Fortunately, there are some ways to prevent stress from evolving into toxic stress syndrome. If you notice any toxic stress syndrome symptoms in adults or children around you, or if you’re experiencing any of them yourself, try the following stress-relieving tactics.
1. Take care of yourself. Getting enough sleep, exercising regularly, and eating a balanced diet will go a long way toward combating stress and boosting immunity.
2. Forge healthy relationships. Having a good support system with positive friends and family members is, arguably, one of the best things you can do to fight the effects of toxic stress syndrome.
3. Focus on things you can control. Feeling out of control contributes to stress. Instead of dwelling on stressful events, focus on positive things in your life and take action where you can. For example, if you’re concerned about money, create a savings plan to prepare for the future. If you’re grieving or stressed about a death in the family or a divorce, therapy can help you recover from your loss. If you’re struggling in a relationship, lean on the people in your life who are positive and you can trust.
When to seek therapy
While a little stress can be a great motivator, it’s time to seek help when stress is adversely affecting your life. If you notice symptoms of toxic stress in yourself, your child, or someone you love, therapy can help you find the root cause of the stress and teach skills to help alleviate the effects.
The first step can be visiting your primary care physician. They should be able to give you a recommendation for a therapist who has experience dealing with toxic stress. If you don’t have a primary care physician, you can ask a friend or family member or look online for a recommendation.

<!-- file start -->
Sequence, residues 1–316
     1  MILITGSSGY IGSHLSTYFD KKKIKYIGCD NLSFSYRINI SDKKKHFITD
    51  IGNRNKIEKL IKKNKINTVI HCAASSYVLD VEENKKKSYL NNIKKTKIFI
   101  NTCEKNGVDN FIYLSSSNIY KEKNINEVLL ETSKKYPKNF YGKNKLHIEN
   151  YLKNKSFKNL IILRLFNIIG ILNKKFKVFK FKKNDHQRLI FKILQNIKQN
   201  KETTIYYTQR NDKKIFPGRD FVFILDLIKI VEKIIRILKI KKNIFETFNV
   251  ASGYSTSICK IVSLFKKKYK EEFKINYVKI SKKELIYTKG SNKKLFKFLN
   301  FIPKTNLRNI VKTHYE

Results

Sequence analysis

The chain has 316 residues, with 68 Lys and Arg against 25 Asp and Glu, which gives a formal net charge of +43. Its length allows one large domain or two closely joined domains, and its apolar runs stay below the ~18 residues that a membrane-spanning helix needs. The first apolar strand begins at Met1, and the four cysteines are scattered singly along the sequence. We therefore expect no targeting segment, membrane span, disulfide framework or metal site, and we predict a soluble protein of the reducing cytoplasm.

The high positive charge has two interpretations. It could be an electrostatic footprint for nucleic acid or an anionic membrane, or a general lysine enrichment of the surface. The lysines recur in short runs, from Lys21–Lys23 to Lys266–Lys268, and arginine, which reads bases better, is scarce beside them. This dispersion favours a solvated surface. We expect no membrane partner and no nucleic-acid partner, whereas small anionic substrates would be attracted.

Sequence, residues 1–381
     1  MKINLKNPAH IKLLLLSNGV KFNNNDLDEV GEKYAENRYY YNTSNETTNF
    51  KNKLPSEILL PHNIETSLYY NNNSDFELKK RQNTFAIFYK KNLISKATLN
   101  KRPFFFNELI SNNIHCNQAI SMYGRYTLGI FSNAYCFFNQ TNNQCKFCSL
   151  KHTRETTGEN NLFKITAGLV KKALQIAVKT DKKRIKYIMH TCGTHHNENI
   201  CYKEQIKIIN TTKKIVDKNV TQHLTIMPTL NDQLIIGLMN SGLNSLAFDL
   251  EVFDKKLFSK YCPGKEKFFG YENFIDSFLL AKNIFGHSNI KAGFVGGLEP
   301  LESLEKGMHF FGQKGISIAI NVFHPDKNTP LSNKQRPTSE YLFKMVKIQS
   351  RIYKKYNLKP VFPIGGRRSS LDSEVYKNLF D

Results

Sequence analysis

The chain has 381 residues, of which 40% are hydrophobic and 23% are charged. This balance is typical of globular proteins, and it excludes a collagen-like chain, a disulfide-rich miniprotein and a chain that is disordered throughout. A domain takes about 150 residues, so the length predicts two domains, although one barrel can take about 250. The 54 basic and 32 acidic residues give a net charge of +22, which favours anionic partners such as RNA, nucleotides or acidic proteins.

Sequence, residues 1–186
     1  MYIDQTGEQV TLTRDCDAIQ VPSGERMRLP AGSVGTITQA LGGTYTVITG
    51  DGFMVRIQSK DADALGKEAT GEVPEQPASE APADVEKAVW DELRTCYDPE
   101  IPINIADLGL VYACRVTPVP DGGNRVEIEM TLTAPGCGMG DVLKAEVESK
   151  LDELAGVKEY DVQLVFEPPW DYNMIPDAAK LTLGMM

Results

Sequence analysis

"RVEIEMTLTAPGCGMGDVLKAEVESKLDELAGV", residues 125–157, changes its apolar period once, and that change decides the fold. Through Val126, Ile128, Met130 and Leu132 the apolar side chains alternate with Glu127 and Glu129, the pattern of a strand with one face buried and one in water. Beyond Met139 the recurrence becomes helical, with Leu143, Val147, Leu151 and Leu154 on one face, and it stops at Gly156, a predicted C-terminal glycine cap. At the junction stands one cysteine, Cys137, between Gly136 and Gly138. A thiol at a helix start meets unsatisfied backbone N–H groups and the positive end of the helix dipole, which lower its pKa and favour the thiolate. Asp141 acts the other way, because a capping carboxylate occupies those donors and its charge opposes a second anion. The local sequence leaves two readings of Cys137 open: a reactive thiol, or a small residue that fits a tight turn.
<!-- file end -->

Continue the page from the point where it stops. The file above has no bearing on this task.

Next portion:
The Luthas Center is an excellent resource if you’re looking for therapy that’s affordable, convenient, and effective. Our online therapy platform makes therapy accessible, so you can get support and coping tools to manage toxic stress syndrome. With The Luthas Center, you can find healthy alternatives that allow you to live a peaceful, happy life without the high stress levels.
1. A Guide to Toxic Stress. Center on the Developing Child at Harvard University. https://developingchild.harvard.edu/science/key-concepts/toxic-stress. Accessed July 1, 2022.
2. Maleki N, Becerra L, Borsook D. Migraine: Maladaptive Brain Responses to Stress. Headache: The Journal of Head and Face Pain. 2012;52:102-106. doi:10.1111/j.1526-4610.2012.02241.x. https://www.ncbi.nlm.nih.gov/pmc/articles/PMC3475609/. Accessed July 1, 2022.
3. Megha R, Farooq U, Lopez P. Stress-Induced Gastritis. StatPearls. 2022. https://www.ncbi.nlm.nih.gov/books/NBK499926/. Accessed July 1, 2022.
4. Schaeffer, MS, LMFT B. What You Should Know About Toxic Stress. Nami.org. https://www.nami.org/Blogs/NAMI-Blog/August-2017/What-You-Should-Know-About-Toxic-Stress. Published 2017. Accessed July 1, 2022.
The Luthas Center articles are written by experienced mental health-wellness contributors; they are grounded in scientific research and evidence-based practices. Articles are extensively reviewed by our team of clinical experts (therapists and psychiatrists of various specialties) to ensure content is accurate and on par with current industry standards.